Sue and Martin above Zermatt - 2018

Sue and Martin above Zermatt - 2018

Tuesday, 20 August 2019

Pyrenees HRP - 2004 - Day 18

  Is that a table mat that Martin's using for navigation? Yes!
 
Sue and Martin's Big Adventure
 
Day 18 - Thursday 12 August 2004 - Stage 15 continued

Postcard Summary (on yesterday's card)
Warm flat camp to Cauterets
Lovely morning walk down beautiful valley – 4.3 hours, 13 km, 50m ascent
A stroll past many scenic waterfalls into Cauterets for a re-stocking and washing afternoon.  So we are now very clean and will not be thrown out of the nice Les Estives restaurant for being smelly. 

Diary Entry (by Martin)
A rest day. Turned over after the alarm and didn't make tea until 7.40 today.  

The mountain tops were in cloud when we left Refuge Wallon at 8.50, our destination Cauterets, a morning stroll (10 miles) away. 
 
It was a lovely walk, always accompanied by the sound of rushing water from the river rushing down the Vallée du Marcadau. In shade to begin with, the sun soon rose.  

A fisherman tested his luck, but got his line caught and used his waders in the still deep section to retrieve it. The valley was level in many places, giving wide green spaces. 

 
A path runs either side of the river. In the pines, goldcrests twitter. Civilisation was getting closer. At 11am, we reached Pont d'Espagne, a spot where two rivers meet and a very large waterfall cascaded down, dominating the spot.  
 
 
Drank hot chocolate in the sun, and decided to walk the rest of the way to Cauterets (it would have been possible to get a bus down the road) along a wooded path on the opposite bank of the river to the road. It wasn't possible to hear the road at all due to the roar of the water.
 
The path led to la Raillère, a conglomeration of buildings at a road junction, the biggest of which was the Centre du Rhumatologie. We are in a thermal spring area now, and this was the first sign of that. Rested and had an ice cream before continuing along the path, which brought us right into Cauterets town centre! The shops were shutting, so a quick purchase of baguette and pâté was made - now to find a campsite.
 
Martin had spotted tents on the hill, so we made off in that direction, joining two other backpackers with the same aim. The reception of the Mamelon Vert campsite was shut until 2.15, so we and Brett and Freddy sat on the grass and ate lunch, ours with a brew. Since our dried milk ran out, tea has been black as we decided not to purchase tubes of condensed milk. After testing tea with Brett's tube we decided our decision had been correct. Too sweet.
 
Our pitch, shared with Brett and Freddy, was soon strewn with gear. It overlooked the town, beyond which were mountains up the valley. A whole pile of washing was done, and a walking pole was used to construct a washing line that lasted well, until the wind got up!
 
After showers, shopping for three days' food, that wasn't so successful as at El Bozo in Candanchu, small as it was. After depositing food at the campsite, we went back into town for a beer on the square before dinner.
   
 
 
As amazing as it seems, who should stroll across in front of us, but Didier! He was a accosted and sat down for a beer, and proceeded to give us more advice on the route, with interest also in what we'd done since we last saw him. Remarkably, of the six campsites in Cauterets, his campervan is at le Mamelon Vert!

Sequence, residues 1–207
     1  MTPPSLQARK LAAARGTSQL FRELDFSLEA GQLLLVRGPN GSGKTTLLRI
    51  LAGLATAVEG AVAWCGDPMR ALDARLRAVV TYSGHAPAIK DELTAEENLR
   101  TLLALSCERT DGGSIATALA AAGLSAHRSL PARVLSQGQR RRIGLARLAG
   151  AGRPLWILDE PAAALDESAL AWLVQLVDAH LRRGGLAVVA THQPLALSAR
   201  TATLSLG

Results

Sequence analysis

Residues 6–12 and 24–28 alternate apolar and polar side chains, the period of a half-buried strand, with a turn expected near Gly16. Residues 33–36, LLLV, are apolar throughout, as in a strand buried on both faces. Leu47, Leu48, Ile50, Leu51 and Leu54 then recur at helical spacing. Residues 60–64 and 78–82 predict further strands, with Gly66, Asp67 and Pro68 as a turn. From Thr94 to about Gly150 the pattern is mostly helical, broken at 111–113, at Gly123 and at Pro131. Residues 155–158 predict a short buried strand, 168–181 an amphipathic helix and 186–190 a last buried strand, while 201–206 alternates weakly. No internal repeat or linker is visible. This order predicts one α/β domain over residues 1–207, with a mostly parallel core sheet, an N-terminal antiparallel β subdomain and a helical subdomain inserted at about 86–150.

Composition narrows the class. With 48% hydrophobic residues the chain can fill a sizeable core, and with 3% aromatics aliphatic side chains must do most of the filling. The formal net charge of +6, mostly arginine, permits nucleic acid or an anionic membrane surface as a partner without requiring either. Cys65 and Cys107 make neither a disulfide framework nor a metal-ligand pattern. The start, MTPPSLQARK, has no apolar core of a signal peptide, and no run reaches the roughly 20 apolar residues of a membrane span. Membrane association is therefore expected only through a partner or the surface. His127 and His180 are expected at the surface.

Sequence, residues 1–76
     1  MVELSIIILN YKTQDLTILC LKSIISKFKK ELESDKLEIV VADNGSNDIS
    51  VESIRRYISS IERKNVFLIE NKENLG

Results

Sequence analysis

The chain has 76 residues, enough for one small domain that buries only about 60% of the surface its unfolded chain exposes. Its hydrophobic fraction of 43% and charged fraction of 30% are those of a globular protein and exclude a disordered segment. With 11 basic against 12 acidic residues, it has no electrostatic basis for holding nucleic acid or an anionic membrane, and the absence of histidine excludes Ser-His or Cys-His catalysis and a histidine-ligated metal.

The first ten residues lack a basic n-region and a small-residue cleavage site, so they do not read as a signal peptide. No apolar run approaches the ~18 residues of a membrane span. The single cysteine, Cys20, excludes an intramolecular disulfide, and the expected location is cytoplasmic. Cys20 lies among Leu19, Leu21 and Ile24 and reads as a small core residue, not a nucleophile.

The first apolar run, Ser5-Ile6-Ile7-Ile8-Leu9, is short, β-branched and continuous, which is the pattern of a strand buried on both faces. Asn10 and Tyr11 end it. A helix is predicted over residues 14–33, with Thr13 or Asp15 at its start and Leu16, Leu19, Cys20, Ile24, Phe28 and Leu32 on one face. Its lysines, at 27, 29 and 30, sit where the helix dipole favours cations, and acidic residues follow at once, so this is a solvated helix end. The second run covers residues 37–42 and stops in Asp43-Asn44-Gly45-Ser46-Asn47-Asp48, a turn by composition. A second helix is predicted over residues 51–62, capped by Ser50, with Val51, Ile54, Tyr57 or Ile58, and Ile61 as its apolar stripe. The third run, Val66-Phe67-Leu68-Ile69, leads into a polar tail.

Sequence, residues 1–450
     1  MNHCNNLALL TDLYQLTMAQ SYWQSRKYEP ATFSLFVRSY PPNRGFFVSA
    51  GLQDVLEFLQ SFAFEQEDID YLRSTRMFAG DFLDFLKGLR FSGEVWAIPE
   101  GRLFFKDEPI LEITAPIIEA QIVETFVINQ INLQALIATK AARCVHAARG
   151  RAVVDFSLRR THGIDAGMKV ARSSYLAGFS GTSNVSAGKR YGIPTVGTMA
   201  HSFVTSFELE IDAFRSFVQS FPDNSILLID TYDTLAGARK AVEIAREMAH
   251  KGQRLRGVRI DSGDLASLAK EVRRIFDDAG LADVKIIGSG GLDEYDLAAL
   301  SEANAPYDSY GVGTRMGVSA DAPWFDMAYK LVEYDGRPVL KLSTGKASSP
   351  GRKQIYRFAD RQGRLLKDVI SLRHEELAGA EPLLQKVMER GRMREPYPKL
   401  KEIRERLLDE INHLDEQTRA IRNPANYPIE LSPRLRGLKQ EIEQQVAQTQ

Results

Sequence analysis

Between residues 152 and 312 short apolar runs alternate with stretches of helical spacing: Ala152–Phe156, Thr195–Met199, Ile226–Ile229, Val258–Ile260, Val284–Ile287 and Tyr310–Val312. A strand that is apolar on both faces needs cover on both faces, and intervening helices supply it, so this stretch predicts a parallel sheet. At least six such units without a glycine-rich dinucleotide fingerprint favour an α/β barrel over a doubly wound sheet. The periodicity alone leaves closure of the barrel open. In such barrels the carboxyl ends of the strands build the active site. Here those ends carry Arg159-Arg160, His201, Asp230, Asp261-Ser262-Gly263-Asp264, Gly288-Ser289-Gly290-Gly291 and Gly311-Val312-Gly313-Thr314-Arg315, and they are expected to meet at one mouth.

Nice as the beers were (and Edelweiss in a pot on the table), we paid the price, as the restaurant had nearly filled, and it took ages to order and eat. Nice meal though - goats cheese salad and fruits de mer, steak and chips, cheese (no jam here) and a pudding of 'myrtilles' in custard with floating soft meringue.
 
Crept into our tent at 10.30 pm - a really late night!
 
Stats and route (Viewranger):
14 km, 200 metres ascent, 4.3 hours
 
 
Staple Requirements:
Breakfast: Muesli, tea (dried milk)
Lunch: Tin of fish/tin of pâté/butter/baguette
Other: Mountain mix (nuts, fruit etc), chocolate (1 per day)
Evening: Soup, pasta or couscous, etc, tin to supplement (eg tuna), sauce, choritzo, dried veg if possible, hot chocolate

Back to Start
Next Posting

Previous Posting

4 comments:

Sir Hugh said...

However we think we understand and adapt to the continental long lunch period it is still often frustrating when you are trying to get things done. I was walking for a few days with a fellow English and we took the wrong GR out of Cauteret next morning and walked for an hour in the wrong direction.

Phreerunner said...

That was careless, Conrad!

Opening hours have improved immensely over the years. These days 'Spar' type shops can be found, open, at all reasonable hours, across much of Europe. A far cry from the days when pubs, let alone shops, didn't open on Sundays in Wales and parts of Scotland, and backpacking trips to Europe had to be timed to enable camping gas to be bought before 12 noon on Saturday, otherwise you'd have to wait until Monday morning to get fuel and start walking. We used to fly in to Zurich and race to a known shop before it shut, before getting our onwards train. It was always quite a stressful period until we got the gas.

Gayle said...

Whether as a matter of culture or law I don't know, but Germany is still clinging on to Sunday being a day of rest for the workers, with all of the shops being shut. They don't seem to go in for convenience stores either, or not in the places we find ourselves. Fortunately, it's not an issue when touring by motorhome, rather than walking (provided, of course, that we notice what day it is!).

Phreerunner said...

Interesting. I don't think we had that problem in Berlin (our most recent German location).